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Constitutional Freedoms

Maryland Law in 1980s Viewed Sexual Assault as a Misdemeanor

Montgomery County police chief says an investigation today would be based on '82 measure, which had a one-year statute of limitations

Maryland law in the early 1980s classified acts like those alleged against Judge Brett Kavanaugh (pictured above right) by Christine Blasey Ford (above left) as misdemeanors with a one-year statute of limitation, according to local officials who would oversee an investigation today.

“To date, there have been no criminal reports filed with the Montgomery County Department of Police that would lead to the initiation of any criminal investigation related to Judge Kavanaugh,” Montgomery County Police Chief Thomas Manger and State’s Attorney John McCarthy told a group of local Democratic legislators pushing for such action in a letter Friday.

“Furthermore, the law at the time the offense occurred is the law that must be applied to any charges that might be brought,” Manger and McCarthy wrote. “For example, in 1982, assault and attempted rape were both misdemeanors and subject to a one-year statute of limitations.”

A prosecution based on the prospect of a more contemporary statute providing a more severe penalty would violate the Constitution’s prohibition on ex post facto law enforcement.

“For example, in 1982, assault and attempted rape were both misdemeanors and subject to a one-year statute of limitations.”

The two officials also emphasized the importance of having a victim come forward. They added that they “stand ready to investigate any sexual assault allegation from any victim where the incident occurred in our jurisdiction.”

The legislators had “asked authorities not to wait for an alleged victim to make a complaint to them before starting an investigation,” according to The Baltimore Sun.

The implications of Maryland’s statutes at the time of the alleged assault may not be so simple as the two officials described it, however, according to Eugene Volokh, a UCLA School of Law professor and founder of the Volokh Conspiracy blog.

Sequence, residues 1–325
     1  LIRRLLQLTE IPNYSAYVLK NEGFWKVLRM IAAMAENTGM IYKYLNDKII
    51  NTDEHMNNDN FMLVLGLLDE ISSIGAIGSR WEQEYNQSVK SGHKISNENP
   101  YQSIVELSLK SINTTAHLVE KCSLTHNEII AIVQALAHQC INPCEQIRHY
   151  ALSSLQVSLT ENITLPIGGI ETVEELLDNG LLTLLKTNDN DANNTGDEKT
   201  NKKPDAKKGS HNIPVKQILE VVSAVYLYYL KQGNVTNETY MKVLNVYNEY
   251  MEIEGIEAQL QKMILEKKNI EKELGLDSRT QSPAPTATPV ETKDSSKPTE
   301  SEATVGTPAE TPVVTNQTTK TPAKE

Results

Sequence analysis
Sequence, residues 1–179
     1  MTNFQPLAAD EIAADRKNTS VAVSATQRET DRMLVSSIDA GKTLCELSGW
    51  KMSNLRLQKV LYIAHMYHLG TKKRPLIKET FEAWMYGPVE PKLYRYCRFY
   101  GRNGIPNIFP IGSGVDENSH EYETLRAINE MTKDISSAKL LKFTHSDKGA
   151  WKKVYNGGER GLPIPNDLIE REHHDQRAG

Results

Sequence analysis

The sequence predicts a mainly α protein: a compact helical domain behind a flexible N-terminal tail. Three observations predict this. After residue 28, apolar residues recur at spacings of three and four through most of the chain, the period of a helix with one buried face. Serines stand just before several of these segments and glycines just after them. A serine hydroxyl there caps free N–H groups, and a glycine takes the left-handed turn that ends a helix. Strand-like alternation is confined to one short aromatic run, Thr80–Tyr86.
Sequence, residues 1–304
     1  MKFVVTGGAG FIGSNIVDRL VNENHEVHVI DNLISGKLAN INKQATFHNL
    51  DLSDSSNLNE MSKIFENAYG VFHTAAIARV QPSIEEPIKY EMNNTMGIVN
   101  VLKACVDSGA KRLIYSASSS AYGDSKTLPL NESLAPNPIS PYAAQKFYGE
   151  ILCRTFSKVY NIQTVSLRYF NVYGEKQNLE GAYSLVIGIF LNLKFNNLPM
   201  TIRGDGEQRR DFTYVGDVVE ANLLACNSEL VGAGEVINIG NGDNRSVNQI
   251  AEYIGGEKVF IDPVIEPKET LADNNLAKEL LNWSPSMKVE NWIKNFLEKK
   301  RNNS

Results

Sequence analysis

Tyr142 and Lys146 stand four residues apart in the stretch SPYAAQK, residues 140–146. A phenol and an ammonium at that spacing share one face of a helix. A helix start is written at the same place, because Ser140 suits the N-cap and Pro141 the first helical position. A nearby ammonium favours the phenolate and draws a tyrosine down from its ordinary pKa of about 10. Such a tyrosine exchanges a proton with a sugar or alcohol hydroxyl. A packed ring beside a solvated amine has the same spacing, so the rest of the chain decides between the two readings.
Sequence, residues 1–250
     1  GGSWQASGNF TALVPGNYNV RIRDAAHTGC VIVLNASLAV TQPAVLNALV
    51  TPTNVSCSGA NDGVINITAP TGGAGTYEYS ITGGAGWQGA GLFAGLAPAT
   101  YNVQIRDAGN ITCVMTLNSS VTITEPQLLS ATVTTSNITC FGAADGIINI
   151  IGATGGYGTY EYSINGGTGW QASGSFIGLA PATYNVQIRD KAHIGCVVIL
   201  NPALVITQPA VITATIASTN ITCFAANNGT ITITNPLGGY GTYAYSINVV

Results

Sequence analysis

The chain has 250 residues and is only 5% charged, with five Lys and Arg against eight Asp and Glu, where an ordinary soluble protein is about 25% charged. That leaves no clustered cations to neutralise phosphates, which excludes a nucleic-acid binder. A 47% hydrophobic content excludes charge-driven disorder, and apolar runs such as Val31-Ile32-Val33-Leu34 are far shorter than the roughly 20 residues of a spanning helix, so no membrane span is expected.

“As it happens, attempted rape, though a misdemeanor, could (and sometimes did) carry a sentence of life imprisonment in 1982 Maryland,” Volokh told LifeZette. Writing on his blog Saturday, Volokh said “that a state treats a crime as a misdemeanor often means that it’s a minor crime, but not in all states, and in particular not in Maryland.”

Still, the letter from Manger and McCarthy highlights one of the biggest obstacles facing the FBI and Maryland law enforcement agencies in a one-week investigation of Ford’s allegation that Kavanaugh and a friend, Mark Judge, sexually assaulted her during a high school party in the early 1980s.

Related: No Reason to Think FBI Will ‘Uncover Anything’ New on Kavanaugh

Kavanaugh and Judge both deny the allegation, as do two other individuals Ford said were present at the time of the incident. Ford is unable to remember the location or date of the alleged assault.

The latter point appears to be especially important, as Manger and McCarthy told the state legislators that an investigation would have to focus on “where the incident occurred in our jurisdiction.”

Senate Democrats believe a July 1, 1982, entry in Kavanaugh’s calendar indicates the location and date of the alleged assault.

Kavanaugh’s July 9 nomination by President Donald Trump to the Supreme Court was voted out of the Senate Committee on the Judiciary Friday for debate and final voting by the full Senate. The motion to move the nomination forward was backed by the committee’s 11 Republicans and opposed by its 10 Democrats.

Republican leaders agreed to the proposal of Sen. Jeff Flake (R-Ariz.) for an FBI investigation of Ford’s allegations, with the review to be “limited as to time and scope” so that a final vote can be taken by the Senate within a week.